The risks of fleeing to cash in times of crisis

When it comes to investing through a crisis, are investors better off in the market or in cash? A look at 4 scenarios.

As markets unraveled early 2020, there were few places for investors to hide. As the coronavirus spread at an alarming rate across the globe, equity markets sold off indiscriminately, causing many panicked investors to sell riskier assets in exchange for cash.

Flight to cash

Parting ways with equity investments at or near a market bottom isn’t a new trend. Many investors have approached equities with caution since the Global Financial Crisis (GFC) in 2008-09.

During times of crisis, many investors who’ve worked their whole lives saving for retirement, start thinking about what happened during past recessions, such as the Global Financial Crisis (GFC). Memories of these prior events, coupled with the barrage of frightening headlines from media outlets, can make it tough to maintain a planned asset mix and stay invested amid a market correction

But are investors well-served by abandoning their long-term allocations to move to the safety—but limited return potential—of cash? It’s true that with the turmoil of the COVID-19 sell-off still in its infant stages, the future is yet to be fully seen. However, it’s fair to say that moving to cash at this year’s market bottom and forgoing return from equities is likely to have been a costly mistake for many investors.

The story of moving to cash

For perspective, let’s consider a longer-term scenario of four hypothetical investors and their slightly different paths through two major crises. Each investor starts with $100,000 in a balanced portfolio on January 1, 2006.

  • Sally (stays invested through thick and thin)
    • At the end of this 14+ year period, Sally’s portfolio is worth over $230k. Despite going through both the GFC and the COVID-19 crisis, Sally’s portfolio had a cumulative return of 128%.
  • Greg (learns from the GFC and stays invested during the COVID-19 crisis)
    • Invests the same way as Sally, although Greg moves to cash at the end of December 2008 where his portfolio is worth $95k at that time. Even though Greg lost principle, he managed to bail before the bottom of the GFC which occurred on March 9, 2009.
    • On Jan. 1, 2010, when the GFC rebound was seven months old, Greg comfortably re-enters and moves his cash back into a balanced portfolio.
    • By the end of June 2020, Greg’s portfolio is now worth roughly $206k or roughly $25k less than Sally’s.
  • Brian (tries timing the market … and stumbles)
    • Has a similar strategy to Greg, although he waits an extra year before re-entering the market in early 2011. Then, after being invested for over nine years, he moves back into cash at the end of March 2020. On April 13, 2020, Brian has some serious fear of missing out after he sees equity markets show signs of bouncing back and decides to reenter his balanced portfolio.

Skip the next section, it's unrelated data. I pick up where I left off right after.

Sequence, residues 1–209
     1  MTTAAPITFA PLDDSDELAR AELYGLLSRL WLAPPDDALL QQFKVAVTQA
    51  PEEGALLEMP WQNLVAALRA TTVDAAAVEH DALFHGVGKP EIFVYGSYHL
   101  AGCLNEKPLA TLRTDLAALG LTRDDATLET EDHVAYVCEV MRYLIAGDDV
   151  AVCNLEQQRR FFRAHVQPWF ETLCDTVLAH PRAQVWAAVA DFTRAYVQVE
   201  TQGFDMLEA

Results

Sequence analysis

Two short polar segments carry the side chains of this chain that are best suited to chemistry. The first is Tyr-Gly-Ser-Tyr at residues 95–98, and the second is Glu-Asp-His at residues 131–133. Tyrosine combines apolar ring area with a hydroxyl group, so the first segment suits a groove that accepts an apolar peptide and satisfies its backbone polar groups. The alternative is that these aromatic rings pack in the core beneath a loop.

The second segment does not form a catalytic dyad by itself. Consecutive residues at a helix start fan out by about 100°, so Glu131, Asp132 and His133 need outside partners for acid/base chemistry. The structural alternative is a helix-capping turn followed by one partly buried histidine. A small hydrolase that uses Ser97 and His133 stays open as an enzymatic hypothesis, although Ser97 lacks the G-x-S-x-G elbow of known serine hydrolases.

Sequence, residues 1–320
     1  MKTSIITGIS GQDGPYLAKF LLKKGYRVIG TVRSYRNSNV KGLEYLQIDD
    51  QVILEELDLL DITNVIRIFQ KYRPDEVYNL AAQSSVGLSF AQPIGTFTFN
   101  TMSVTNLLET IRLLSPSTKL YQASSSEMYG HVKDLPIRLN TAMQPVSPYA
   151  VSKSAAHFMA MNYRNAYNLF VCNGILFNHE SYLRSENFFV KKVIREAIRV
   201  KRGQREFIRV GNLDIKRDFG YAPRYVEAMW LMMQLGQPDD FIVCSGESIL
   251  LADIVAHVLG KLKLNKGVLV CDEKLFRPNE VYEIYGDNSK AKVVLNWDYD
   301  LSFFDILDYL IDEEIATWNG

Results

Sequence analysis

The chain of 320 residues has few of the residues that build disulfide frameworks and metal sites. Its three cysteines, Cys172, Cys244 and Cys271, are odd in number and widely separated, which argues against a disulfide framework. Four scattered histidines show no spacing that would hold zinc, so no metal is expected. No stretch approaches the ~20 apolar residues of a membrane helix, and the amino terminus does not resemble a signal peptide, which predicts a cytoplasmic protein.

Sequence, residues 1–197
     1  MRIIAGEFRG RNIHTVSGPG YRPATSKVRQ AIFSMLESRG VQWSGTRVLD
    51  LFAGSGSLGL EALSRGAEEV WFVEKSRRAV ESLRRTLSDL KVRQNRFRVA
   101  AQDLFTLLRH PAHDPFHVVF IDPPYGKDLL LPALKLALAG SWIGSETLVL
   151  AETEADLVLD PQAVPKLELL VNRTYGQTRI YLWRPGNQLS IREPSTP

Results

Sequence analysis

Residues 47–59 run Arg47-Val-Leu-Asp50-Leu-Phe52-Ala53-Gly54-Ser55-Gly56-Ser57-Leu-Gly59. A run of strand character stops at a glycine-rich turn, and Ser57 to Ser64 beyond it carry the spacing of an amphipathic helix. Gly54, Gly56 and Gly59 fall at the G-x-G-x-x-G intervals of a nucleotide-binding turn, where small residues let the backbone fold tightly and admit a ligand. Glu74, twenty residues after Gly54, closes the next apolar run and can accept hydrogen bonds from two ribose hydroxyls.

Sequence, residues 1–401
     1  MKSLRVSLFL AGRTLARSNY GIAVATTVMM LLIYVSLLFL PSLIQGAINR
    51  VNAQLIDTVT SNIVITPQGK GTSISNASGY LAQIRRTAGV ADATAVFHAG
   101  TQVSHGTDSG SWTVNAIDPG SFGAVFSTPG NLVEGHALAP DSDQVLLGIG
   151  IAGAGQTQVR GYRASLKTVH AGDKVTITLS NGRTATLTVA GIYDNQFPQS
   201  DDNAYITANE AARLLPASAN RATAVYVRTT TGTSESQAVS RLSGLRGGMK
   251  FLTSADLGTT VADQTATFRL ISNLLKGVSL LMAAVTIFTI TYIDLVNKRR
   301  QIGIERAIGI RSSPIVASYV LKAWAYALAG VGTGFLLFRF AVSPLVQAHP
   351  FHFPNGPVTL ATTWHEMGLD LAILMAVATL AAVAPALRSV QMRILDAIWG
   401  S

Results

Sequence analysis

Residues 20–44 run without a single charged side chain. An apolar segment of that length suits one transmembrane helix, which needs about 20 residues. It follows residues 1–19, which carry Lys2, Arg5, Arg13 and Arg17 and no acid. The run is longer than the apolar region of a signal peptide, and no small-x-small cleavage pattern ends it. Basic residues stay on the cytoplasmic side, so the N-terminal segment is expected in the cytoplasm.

• By the end of June 2020, Brian’s account would be worth just under $197k, over $35k less than Sally’s account and almost $10k less then Greg’s.
  • Jean (stays in cash)
    • This scenario could be considered the worst case, where Jean used the same investment scheme as Greg. However, after leaving the market in 2009, she was never comfortable resuming her previous investment strategy. Jean’s portfolio has a cumulative loss of -6.4% and is worth $95k, or a loss of approximately $4.6k of her starting balance, not mention missing out on the upside growth the others benefited from.

Chart The risks of fleeing to cash in times of crisis

Source: Morningstar Rebalance monthly. Cost of going to cash : Cumulative return of Greg, Brian, or Jean minus cumulative return of Sally. Balanced Portfolio: 30% MSCI World NR AUD, 30% S&P/ ASX 200, 12.5% BBgBarc Global Agg TR Hdg AUD, 12.5% BBg AusBond Bank 0+Y AUD, 5% FTSE EPRA NAREIT Dev TR AUD, 5%S&P Global Infrastructure NR AUD, 5% Cash. For illustrative purposes only.

Timing the market

We all know the market goes up and down each day, although wild swings can make even the most collected investor second-guess their strategy. Sometimes swings are much more volatile than usual - meaning that checking your investment account daily can create unnecessary stress and perhaps worse, major investment setbacks in trying to time the market.

The bottom line

Another way to look at this is to consider that your home is an investment—even though it’s often not viewed as one in the same manner that your retirement is. Like the equity market, the housing market also sees swings in value. But do you check the value of your home each and every day? If you’re not planning to sell soon, you likely don’t.

We believe the same logic should hold true for your other investments as well. If you have a long-term time horizon and an investment plan in place, but find yourself tempted to stray from that plan amid the COVID-19 crisis, it may make sense to discuss further with a financial professional—in order to fully understand the impacts of trying to time the market.

Ultimately, staying invested may pay off, even in times of crisis

Got clients riding the wave of emotions in the market? Then explore our surfable chart: The cycle of investor emotions.

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